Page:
часвы совершали какие-либо другие полеты? у вас есть новая информация для форума на этой машине? расход топлива, количество кругов перед вращением, скорость взлета, в полете и при посадке? какая скорость обычно используется в качестве ставки?E ....... Se qualcuno è interessato a vedere questa macchina di persona ..... non esitate a venire a trovarci all'Anson County Airport KAFP a Wadesboro, NC.
Sede dei Carolina BarnStormers !!
Probabilmente includi un pranzo gratis anche per te !!
That would seem, in this category, a decent upping of HP.Yes...the are telling me the 50 hp engine they are going to use will still meet ultralight.
Well.....she’s flyin! No issues......flies well.....like an ultralight........will bounce you around a bit in a gust cuz she’s so light.
Comparing the wing loading on ultralight fixed wings and gyros shows why gyros handle winds better. The Challenger has about 170 square feet of wing area that gusts influence. My Ultralight gyro has 23'x7" or about 13.42 square feet of area. Obviously the airframe and empennage contribute but they are in practical purposes roughly equal although the gyro is also less there too. The wing loading on the Challenger at 750 pounds is 750/170 or 4.4 pounds per square foot, while my U/L gyro is ~525/13.42 or 39.1 pounds per square foot wing loading. The Nano is lighter, has the same size rotor, and a bit more body area because of the pod with lower weight so it should come in at around 35 pounds per square foot wing loading.A big reason I'm considering gyros is the considerable less bumpy ride in mid afternoon thermal air. I fly a Challenger 2 long wing that feels like a leaf in such air. Does the light weight of the Nano significantly reduce it's thermal air ability? When you say it flies like an ultralight... did you mean a fixed wing or gyro ultralight? Few have experience in ultralight gyros so I'm assuming fixed wing, which is disappointing if the case. Given it's a single place, pilot reports are the sole way to evaluate it.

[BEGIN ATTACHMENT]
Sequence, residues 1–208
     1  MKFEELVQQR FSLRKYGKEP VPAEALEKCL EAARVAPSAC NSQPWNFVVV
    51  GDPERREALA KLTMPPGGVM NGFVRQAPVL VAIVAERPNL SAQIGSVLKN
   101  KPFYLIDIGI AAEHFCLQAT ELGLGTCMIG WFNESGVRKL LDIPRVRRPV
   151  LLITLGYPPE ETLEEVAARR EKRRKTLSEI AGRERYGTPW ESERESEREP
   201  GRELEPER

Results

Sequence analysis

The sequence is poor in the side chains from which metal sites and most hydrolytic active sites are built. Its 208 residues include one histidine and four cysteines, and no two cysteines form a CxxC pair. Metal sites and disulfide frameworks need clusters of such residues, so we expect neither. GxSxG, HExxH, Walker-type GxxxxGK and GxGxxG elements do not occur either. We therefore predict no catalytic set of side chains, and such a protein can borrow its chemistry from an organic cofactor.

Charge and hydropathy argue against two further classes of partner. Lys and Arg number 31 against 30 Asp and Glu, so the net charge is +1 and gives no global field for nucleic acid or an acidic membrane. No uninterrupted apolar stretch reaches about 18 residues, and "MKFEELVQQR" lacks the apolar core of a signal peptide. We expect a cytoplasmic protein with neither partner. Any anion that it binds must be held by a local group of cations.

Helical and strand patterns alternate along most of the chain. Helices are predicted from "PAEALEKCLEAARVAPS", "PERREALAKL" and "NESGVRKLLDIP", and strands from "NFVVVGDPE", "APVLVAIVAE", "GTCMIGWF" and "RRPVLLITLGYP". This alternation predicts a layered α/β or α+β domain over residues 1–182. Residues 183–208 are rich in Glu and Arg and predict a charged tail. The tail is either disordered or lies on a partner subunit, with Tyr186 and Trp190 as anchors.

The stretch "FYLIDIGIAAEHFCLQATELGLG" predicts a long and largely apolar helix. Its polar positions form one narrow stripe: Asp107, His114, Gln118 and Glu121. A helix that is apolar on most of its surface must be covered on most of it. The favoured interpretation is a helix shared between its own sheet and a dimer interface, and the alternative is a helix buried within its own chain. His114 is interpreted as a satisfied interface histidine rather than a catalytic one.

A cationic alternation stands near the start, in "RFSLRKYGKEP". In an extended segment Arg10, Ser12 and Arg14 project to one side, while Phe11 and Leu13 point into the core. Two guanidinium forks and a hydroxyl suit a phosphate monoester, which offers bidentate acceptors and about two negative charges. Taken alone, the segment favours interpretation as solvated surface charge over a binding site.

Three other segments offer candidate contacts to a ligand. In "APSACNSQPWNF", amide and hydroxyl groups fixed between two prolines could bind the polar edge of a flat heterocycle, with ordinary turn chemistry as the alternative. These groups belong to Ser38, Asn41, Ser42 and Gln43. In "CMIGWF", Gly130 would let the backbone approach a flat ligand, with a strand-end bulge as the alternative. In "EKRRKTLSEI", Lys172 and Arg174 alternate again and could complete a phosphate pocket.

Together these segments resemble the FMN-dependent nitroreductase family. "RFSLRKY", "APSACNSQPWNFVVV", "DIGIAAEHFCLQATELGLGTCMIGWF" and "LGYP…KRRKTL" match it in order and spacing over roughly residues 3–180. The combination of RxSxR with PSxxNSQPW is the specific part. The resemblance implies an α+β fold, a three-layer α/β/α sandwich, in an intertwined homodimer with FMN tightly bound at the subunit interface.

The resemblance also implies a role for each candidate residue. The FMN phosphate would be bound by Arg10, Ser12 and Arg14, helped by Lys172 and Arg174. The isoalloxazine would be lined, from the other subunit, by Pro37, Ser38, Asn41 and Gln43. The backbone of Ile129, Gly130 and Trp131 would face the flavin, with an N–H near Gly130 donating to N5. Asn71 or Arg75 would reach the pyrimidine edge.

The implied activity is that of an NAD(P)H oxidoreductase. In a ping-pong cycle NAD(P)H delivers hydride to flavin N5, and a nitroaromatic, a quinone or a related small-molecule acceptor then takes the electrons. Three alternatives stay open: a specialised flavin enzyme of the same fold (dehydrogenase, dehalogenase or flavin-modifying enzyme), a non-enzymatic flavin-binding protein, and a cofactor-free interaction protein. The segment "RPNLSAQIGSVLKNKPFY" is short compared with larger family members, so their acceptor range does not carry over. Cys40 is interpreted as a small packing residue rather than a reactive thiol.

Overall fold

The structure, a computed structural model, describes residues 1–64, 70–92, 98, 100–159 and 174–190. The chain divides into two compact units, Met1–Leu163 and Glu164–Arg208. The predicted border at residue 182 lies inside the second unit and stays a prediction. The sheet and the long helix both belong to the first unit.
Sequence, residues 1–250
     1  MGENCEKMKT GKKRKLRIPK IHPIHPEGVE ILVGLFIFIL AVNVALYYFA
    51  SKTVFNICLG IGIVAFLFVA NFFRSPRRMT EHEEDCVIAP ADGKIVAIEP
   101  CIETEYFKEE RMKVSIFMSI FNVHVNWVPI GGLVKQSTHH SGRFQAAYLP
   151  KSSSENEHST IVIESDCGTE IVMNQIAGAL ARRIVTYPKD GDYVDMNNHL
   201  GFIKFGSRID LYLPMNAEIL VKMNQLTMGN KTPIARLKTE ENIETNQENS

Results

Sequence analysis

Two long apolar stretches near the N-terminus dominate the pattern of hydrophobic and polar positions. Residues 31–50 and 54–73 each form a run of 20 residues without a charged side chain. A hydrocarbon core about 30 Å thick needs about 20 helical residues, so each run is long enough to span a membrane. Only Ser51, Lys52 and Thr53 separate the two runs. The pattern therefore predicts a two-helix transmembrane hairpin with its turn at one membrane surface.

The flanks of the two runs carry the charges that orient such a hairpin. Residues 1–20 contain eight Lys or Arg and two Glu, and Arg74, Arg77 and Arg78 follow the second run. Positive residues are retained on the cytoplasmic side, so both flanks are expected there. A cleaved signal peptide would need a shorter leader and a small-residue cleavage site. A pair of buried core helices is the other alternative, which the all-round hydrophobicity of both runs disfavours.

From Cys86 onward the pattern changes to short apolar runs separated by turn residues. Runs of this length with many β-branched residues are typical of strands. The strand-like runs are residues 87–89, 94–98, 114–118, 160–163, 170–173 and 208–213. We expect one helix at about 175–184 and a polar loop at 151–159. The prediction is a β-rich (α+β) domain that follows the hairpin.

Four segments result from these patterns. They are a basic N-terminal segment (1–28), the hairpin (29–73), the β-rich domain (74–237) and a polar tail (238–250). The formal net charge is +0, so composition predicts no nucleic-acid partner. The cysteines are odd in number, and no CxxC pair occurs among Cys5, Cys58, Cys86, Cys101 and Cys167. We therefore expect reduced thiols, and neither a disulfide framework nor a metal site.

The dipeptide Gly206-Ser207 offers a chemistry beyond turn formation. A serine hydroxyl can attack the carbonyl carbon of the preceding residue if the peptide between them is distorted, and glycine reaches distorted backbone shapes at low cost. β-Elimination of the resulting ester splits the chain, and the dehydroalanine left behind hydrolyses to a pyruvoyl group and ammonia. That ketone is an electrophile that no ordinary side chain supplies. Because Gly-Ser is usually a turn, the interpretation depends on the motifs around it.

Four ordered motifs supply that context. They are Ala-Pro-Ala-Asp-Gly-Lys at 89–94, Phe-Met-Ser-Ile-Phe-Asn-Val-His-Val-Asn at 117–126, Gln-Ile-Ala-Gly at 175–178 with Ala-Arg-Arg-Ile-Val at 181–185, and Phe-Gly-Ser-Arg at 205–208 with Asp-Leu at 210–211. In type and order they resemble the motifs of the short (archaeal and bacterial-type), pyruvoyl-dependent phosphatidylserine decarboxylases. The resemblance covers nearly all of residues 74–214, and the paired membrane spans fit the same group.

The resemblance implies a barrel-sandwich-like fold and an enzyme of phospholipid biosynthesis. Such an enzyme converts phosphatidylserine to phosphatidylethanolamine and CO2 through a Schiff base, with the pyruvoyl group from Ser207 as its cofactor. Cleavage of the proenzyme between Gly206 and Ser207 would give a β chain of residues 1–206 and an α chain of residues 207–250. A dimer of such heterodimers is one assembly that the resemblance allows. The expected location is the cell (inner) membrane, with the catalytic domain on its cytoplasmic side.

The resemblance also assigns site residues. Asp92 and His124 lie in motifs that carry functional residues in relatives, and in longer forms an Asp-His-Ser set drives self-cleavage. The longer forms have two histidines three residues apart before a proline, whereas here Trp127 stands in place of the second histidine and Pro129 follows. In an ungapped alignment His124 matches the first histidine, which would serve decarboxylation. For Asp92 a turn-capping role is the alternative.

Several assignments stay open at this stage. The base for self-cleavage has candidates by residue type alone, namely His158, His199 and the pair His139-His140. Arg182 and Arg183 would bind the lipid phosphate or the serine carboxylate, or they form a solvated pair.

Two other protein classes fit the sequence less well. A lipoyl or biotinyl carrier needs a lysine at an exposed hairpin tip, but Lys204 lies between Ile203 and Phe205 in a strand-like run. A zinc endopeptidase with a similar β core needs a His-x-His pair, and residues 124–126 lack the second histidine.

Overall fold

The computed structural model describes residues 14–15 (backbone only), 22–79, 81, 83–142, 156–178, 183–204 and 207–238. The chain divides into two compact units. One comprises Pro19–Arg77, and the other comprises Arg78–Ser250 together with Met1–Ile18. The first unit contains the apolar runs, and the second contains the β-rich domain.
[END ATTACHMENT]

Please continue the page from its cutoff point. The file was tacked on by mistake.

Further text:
I don't dispute the stability you describe for for many gyros, but I think the gyroscope analogy is inapt, and not the best explanation for the behavior. Let go of the controls in a Robinson R22, and you'll very quickly appreciate that a spinning rotor system can be highly unstable, not behaving much like a gyroscope. Fully articulated gyros are much more like helicopters in that regard.Another thing to think about is the rotor of a gyro is just that a giant gyroscope, it just wants to keep flying in the same plane and not get knocked off course. Very self stabalizing.